Wound infections (cellulitis) in oyster shuckers or fishermen; Septicemia and metastatic skin lesions (vesicles and bullae) in an immunocompromised patient 1-3 days after eating raw oysters; [PPID]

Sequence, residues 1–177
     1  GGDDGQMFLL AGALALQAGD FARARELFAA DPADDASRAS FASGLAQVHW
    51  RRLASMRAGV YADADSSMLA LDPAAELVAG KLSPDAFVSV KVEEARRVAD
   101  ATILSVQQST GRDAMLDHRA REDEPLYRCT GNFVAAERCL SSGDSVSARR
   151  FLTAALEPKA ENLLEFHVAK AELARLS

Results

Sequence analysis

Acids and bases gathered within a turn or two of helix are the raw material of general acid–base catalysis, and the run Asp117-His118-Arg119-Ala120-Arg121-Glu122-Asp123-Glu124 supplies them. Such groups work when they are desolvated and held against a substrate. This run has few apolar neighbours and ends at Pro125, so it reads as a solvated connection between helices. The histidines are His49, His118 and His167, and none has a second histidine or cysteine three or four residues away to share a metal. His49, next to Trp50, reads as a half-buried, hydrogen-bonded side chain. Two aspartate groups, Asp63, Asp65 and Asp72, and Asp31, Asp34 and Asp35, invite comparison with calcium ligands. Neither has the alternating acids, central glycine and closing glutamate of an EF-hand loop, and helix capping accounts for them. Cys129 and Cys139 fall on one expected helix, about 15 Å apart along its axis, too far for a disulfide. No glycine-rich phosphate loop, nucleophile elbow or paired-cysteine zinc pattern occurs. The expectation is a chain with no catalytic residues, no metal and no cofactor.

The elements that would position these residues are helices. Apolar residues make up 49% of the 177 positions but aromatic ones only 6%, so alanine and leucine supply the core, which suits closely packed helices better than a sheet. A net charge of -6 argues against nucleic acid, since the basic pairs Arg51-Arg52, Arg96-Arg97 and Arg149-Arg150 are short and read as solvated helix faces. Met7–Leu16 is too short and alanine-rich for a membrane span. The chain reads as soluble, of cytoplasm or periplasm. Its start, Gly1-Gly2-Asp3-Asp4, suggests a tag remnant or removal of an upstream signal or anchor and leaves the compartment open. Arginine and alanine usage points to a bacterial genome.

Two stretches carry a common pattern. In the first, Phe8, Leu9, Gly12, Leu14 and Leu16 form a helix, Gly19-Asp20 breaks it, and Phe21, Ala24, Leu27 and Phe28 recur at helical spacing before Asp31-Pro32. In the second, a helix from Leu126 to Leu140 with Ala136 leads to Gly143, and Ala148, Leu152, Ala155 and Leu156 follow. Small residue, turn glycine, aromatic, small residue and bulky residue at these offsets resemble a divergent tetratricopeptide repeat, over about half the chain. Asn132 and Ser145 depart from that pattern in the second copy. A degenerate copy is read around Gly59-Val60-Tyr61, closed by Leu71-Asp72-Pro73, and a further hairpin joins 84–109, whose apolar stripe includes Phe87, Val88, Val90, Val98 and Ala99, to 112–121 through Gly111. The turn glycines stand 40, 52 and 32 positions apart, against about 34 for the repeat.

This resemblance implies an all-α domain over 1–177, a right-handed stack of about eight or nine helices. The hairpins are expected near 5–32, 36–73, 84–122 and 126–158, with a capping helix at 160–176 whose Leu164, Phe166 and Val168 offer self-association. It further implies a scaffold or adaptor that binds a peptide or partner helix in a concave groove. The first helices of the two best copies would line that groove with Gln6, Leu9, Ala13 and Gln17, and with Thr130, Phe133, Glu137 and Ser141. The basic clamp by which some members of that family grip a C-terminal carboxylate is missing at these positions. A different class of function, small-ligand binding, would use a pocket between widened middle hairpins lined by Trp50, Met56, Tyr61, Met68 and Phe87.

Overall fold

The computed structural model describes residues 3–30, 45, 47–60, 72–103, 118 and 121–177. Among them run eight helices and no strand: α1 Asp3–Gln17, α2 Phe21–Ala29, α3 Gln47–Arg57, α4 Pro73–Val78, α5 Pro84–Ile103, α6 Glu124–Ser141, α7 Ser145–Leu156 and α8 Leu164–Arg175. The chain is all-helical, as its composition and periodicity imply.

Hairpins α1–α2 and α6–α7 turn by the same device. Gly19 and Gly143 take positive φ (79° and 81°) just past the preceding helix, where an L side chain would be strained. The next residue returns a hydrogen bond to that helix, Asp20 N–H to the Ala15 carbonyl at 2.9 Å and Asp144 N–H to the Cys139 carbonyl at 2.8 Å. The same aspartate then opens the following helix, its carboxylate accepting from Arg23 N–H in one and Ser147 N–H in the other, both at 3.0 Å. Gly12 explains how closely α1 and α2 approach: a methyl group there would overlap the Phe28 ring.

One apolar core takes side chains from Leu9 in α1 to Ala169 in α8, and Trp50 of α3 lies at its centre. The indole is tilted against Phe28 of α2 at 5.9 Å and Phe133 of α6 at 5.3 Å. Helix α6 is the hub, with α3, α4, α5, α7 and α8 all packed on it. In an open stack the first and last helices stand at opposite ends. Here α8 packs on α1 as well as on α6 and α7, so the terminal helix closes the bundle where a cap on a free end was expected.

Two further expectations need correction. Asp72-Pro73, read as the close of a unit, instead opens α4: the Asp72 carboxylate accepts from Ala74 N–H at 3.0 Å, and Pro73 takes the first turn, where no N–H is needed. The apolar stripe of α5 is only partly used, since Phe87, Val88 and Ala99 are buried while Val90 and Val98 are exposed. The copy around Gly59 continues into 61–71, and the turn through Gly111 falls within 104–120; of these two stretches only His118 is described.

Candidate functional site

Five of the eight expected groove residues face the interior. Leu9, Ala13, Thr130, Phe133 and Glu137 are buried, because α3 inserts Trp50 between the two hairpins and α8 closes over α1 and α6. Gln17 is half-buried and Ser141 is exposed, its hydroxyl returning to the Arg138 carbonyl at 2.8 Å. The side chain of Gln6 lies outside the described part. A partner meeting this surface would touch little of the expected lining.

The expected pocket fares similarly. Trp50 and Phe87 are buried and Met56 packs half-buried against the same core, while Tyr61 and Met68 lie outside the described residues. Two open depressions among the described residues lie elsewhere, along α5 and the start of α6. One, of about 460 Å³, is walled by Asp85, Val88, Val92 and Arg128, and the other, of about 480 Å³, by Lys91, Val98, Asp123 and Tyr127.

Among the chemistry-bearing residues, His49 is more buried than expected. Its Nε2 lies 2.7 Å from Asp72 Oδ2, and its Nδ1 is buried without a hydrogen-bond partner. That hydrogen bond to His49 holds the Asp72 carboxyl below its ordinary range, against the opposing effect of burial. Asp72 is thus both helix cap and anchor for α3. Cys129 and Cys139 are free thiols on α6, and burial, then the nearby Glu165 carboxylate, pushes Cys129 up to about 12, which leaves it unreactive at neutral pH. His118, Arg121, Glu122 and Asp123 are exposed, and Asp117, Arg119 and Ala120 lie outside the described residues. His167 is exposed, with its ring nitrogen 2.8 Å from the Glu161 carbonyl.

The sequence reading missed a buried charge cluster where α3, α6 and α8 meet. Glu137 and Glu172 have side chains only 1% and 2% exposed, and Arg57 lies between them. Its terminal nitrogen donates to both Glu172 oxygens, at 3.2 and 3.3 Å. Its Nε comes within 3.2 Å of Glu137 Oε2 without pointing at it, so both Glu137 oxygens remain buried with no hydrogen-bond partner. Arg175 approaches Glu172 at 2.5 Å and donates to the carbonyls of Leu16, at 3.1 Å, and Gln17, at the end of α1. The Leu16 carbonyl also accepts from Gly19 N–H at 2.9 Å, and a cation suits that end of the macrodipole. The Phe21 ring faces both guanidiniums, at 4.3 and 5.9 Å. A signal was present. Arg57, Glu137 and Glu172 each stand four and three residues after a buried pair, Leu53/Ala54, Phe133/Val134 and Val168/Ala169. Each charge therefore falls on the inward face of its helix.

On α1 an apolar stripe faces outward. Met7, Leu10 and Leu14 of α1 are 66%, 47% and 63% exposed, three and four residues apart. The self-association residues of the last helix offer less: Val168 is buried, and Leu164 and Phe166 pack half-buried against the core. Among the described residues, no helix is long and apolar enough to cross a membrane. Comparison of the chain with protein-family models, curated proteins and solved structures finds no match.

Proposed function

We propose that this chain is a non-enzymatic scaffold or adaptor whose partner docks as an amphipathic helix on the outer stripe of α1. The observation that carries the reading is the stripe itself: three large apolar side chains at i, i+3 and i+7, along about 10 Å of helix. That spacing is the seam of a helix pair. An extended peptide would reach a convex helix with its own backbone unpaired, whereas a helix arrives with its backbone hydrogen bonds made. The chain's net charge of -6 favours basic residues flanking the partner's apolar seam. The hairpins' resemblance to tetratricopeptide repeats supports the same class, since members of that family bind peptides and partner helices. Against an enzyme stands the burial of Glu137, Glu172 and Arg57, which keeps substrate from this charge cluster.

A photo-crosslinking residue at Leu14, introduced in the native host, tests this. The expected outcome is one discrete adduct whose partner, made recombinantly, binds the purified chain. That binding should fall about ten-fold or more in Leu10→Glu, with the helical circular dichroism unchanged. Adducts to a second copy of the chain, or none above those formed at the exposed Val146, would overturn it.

Vibrio vulnificus causes skin infections in normal hosts. It causes septic shock and bullous skin lesions in immunocompromised hosts, including patients with chronic liver disease and hemochromatosis. Wounds may become infected after contact with contaminated water, leading to cellulitis and myositis (can mimic clostridial myonecrosis). [CCDM, p. 111] Wound infections occur after cleaning fish, shelling crabs, or shucking oysters. The organisms grow in warm seawater (greater than 60 degrees F). Susceptible patients include those with cirrhosis, hemochromatosis, thalassemia, AIDS, diabetes, chronic renal failure, and malignancy. Eating undercooked seafood contaminated with Vibrio vulnificus can result in sepsis and shock in these immunocompromised patients. Septic arthritis is a rare complication. [ID, p. 667; PPID, p. 2481-2] The mortality rate is about 50%. [Harrison ID, p. 590] Streptococcus iniae cellulitis occurs in fish farmers, fish cutters, and cooks exposed to tilapia with complications including septic arthritis, meningitis, and endocarditis. [PPID, p. 1207] See "Cellulitis" for other fish-related skin infections.
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